Tuesday, June 17, 2008

Habits of top innovators - getting unstuck

I'm looking for a coach (a business coach that is), and so I reached out to a colleague who is at the top of his game, and he expressed that he too is looking for a mentor. I found this interesting - where do you go for mentoring when you mentor for a living?

Recently I had the pleasure of studying with one of the top bass players in the nation, and I asked him "who do you study with?" It turns out he doesn't study with other bass players - he's learned about all he can from other bassists. Instead he goes to the best sax players, and the best trumpet players, to learn how they approach solos and phrasing, and he interprets and applies that to his bass playing.

What does this have to do with innovation? Bear with me - I'm almost there.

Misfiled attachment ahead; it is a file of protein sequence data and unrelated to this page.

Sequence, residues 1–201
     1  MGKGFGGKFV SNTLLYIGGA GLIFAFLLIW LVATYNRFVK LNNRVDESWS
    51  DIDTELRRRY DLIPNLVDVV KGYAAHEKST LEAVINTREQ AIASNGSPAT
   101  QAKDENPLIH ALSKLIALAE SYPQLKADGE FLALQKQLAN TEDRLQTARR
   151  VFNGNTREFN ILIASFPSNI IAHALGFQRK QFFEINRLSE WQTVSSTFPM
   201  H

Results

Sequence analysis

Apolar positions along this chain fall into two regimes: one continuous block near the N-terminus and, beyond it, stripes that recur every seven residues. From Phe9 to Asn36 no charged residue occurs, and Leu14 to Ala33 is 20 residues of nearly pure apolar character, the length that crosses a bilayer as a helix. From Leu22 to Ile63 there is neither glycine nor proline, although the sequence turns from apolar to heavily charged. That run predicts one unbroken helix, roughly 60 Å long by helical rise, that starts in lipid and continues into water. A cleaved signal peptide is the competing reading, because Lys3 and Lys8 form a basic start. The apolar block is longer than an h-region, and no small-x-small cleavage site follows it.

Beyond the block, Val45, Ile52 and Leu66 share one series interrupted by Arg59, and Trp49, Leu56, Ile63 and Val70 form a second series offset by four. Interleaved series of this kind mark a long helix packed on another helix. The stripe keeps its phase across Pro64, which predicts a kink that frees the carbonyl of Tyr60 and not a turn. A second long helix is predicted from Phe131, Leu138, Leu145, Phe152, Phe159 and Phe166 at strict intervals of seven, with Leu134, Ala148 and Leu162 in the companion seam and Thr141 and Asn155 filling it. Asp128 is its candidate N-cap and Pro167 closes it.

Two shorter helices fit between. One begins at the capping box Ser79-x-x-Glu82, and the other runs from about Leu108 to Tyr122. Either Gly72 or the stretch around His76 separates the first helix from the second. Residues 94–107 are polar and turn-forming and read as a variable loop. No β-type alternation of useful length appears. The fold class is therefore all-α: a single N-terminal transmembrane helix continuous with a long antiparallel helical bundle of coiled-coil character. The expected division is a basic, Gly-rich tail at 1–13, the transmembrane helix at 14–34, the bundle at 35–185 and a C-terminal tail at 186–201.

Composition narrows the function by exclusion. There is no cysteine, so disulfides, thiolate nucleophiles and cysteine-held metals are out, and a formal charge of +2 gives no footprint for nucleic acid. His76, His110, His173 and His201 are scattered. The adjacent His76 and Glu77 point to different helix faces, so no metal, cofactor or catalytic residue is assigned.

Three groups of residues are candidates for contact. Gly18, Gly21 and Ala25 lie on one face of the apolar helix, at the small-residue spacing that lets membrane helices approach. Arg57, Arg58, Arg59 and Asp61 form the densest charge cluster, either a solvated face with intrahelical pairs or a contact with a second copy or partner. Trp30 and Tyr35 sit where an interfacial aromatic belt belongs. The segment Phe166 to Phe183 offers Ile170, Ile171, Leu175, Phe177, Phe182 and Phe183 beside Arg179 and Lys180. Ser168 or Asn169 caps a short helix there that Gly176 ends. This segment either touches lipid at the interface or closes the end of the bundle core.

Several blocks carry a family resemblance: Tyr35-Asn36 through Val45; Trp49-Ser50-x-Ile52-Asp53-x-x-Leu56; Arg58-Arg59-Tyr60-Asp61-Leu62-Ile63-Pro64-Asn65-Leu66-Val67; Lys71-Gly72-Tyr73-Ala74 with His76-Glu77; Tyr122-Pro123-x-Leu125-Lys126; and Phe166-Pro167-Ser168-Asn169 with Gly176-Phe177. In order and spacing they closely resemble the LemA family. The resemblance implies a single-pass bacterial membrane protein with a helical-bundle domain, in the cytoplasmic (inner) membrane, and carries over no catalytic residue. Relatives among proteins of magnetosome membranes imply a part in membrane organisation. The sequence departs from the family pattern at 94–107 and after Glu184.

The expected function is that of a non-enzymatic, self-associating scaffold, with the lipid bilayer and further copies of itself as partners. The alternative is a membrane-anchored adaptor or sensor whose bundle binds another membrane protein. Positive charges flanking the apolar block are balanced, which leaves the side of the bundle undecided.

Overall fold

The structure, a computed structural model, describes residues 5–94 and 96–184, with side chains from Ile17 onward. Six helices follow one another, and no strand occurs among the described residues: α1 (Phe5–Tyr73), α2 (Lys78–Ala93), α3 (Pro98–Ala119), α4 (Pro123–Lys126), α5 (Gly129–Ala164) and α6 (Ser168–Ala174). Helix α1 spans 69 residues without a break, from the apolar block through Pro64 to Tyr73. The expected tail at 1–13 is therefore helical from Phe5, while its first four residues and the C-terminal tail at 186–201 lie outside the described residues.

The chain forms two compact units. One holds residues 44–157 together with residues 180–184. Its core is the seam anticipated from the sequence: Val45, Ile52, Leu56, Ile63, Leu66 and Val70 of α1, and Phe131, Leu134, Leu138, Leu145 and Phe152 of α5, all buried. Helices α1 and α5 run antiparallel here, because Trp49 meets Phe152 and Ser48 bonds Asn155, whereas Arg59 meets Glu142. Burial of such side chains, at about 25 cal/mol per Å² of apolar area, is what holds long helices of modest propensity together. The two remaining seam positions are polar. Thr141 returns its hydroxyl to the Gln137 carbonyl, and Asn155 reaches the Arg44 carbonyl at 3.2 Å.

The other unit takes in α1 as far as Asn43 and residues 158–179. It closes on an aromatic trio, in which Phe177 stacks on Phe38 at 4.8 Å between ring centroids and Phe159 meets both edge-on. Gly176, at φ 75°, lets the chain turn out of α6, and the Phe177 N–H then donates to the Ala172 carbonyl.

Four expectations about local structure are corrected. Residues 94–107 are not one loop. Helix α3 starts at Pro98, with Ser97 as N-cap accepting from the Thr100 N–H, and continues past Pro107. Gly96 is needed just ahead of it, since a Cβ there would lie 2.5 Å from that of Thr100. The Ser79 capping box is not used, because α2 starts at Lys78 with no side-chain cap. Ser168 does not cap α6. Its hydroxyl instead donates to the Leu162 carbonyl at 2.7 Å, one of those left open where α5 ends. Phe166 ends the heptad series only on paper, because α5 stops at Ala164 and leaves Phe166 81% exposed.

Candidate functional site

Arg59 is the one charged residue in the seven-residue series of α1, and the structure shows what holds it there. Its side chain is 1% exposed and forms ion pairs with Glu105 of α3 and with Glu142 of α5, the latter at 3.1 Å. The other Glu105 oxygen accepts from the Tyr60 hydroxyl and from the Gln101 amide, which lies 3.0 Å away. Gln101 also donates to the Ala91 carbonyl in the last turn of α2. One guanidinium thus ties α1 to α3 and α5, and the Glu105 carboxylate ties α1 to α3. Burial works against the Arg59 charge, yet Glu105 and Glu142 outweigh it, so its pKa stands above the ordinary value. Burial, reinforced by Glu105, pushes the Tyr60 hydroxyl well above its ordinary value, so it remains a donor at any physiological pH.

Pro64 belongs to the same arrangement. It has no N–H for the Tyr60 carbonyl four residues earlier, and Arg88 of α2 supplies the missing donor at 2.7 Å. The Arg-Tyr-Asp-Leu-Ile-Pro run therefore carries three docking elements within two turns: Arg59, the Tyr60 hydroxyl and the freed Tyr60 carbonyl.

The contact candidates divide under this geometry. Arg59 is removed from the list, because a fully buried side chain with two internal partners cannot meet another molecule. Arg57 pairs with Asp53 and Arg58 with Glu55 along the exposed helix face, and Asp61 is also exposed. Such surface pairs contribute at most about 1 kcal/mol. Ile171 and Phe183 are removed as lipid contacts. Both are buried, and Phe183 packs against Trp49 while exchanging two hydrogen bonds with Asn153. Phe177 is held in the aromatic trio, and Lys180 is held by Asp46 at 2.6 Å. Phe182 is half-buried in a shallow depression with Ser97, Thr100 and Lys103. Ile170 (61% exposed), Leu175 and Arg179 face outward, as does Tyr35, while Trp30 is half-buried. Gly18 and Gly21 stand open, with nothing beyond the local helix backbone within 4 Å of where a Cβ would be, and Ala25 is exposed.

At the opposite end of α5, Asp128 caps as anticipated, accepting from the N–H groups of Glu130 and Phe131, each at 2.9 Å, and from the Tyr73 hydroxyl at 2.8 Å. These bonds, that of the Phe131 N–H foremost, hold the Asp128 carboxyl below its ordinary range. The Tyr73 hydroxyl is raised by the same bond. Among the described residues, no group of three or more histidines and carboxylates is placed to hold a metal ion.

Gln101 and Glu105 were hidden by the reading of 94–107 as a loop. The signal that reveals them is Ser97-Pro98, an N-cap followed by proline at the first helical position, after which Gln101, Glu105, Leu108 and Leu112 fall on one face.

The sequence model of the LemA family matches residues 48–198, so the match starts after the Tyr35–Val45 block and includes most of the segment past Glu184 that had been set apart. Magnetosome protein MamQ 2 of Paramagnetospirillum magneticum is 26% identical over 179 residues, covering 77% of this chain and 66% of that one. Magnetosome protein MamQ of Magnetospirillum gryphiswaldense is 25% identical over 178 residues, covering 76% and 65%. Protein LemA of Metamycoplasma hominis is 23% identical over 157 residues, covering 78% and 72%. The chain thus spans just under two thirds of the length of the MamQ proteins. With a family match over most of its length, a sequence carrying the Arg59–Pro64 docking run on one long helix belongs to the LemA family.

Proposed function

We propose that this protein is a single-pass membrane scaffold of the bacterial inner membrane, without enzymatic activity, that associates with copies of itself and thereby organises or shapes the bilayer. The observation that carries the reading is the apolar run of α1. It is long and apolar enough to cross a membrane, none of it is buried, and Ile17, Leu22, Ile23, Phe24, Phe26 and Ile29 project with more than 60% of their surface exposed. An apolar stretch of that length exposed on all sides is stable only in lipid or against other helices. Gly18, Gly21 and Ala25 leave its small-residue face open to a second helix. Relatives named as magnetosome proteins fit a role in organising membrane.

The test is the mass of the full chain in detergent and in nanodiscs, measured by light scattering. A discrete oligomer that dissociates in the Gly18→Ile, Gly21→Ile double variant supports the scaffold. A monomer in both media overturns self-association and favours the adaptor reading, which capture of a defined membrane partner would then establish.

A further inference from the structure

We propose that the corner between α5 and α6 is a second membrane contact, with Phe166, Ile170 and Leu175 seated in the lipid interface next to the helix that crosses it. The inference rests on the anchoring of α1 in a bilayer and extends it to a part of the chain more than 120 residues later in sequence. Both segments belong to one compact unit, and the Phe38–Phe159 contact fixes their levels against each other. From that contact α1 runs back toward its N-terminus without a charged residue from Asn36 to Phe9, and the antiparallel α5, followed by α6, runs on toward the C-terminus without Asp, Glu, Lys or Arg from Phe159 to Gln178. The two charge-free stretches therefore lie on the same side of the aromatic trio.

When you think you've plateaued with your product or business, or you're fresh out of new ideas, one of the best ways to break through is to study a different industry. How did a completely different industry tackle similar problems? What can you learn from the trade journals of a different vertical? Let's say you're in software - instead of attending a software event, go sit in on a manufacturers luncheon. Can talking with a product manager at another non-competitive company help you approach things differently? People are usually more than happy to chat with you, or even give you a tour of their facilities if you just ask. Who knows what it can do for your business.

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